If you or the other party do not follow a divorce or custody order, you may find yourself involved in a contempt proceeding. A contempt proceeding is initiated by having the judge sign an Order to Show Cause, which is then served personally on the noncomplying party. The Order to Show Cause requires the noncomplying party to appear to show cause for why he or she failed to comply with the divorce or custody order. If the judge finds that the noncomplying party did not have “cause” (i.e. a good reason) for failing to comply with the divorce or custody order, the judge will find that party in contempt and may order that the noncomplying party pay the other party’s costs and attorney fees to file the contempt motion.
Common grounds for contempt motions in family law proceedings are failure to pay a support obligation and failure to follow a parenting time schedule. If the judge finds the noncomplying party in contempt for failing to pay a support obligation, the consequences can be severe and may include driver’s license suspension, occupational license suspension and even jail. If the judge finds the noncomplying party in contempt for failure to follow a parenting time schedule, the judge will typically order compensatory parenting time. Compensatory parenting time means that the party initiating the contempt proceeding will be able to make up the parenting time he or she missed because of the noncomplying party’s failure to follow the parenting time order during the noncomplying party’s time with the child. However, if the noncomplying party’s failure to follow the parenting time order constitutes persistent and willful denial or interference with parenting time, it can be grounds for a subsequent motion to modify custody.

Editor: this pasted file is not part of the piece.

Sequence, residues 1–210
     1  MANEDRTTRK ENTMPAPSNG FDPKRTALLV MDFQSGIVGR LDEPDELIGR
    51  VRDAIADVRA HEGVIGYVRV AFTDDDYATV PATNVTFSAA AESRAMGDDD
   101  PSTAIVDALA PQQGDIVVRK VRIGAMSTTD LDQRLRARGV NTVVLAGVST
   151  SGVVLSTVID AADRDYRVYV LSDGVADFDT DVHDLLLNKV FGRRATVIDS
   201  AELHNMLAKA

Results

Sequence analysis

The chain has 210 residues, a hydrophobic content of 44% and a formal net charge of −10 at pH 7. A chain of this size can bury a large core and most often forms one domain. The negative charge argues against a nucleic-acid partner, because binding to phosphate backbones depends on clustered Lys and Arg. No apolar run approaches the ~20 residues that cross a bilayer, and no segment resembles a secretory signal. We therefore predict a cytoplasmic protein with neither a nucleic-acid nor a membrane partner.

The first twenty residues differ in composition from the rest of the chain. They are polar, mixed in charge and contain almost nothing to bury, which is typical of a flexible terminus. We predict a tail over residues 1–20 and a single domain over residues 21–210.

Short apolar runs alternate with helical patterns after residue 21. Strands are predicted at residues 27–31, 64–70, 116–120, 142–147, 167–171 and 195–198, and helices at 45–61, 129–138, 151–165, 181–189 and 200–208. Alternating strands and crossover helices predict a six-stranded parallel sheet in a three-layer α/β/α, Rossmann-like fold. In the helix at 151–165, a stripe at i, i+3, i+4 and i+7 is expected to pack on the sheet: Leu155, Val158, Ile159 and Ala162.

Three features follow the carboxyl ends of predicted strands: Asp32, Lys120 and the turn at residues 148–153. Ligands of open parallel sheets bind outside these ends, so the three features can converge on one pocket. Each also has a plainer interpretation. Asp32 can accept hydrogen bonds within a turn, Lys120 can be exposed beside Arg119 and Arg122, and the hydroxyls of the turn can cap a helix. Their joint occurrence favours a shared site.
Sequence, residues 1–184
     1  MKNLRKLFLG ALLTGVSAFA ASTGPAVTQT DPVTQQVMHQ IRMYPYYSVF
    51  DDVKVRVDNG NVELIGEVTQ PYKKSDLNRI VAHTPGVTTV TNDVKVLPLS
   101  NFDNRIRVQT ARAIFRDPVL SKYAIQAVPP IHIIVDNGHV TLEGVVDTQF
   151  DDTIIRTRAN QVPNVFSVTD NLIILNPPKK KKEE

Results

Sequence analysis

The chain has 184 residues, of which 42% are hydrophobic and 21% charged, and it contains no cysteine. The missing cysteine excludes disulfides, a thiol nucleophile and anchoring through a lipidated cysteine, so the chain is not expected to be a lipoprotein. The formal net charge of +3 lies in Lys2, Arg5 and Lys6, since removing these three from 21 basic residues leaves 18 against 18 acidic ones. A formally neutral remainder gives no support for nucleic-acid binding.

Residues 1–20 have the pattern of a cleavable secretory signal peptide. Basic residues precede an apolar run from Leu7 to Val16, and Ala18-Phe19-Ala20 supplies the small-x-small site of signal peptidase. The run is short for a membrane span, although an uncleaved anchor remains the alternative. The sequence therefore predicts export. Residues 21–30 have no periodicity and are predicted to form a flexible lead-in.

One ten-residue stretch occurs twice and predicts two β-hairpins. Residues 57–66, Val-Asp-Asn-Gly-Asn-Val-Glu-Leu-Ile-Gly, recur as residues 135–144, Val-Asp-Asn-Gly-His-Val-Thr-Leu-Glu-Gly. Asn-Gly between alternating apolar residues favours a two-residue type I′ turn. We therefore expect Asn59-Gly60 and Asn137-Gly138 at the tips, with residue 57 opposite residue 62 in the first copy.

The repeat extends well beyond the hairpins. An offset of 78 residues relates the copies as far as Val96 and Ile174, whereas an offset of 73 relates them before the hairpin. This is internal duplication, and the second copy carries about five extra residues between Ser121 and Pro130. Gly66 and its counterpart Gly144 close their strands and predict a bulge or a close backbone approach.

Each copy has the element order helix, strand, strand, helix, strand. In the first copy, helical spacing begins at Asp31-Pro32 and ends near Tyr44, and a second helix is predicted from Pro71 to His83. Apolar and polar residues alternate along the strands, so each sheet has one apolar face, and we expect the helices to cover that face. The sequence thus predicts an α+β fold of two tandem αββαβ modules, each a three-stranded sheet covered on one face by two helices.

Because the consequences of a finding of contempt can be severe, it is important to speak with an experienced attorney. To speak with an attorney experienced in family law contempt proceedings, contact Tentinger Law Firm at 952-953-3330 or use our quick contact form.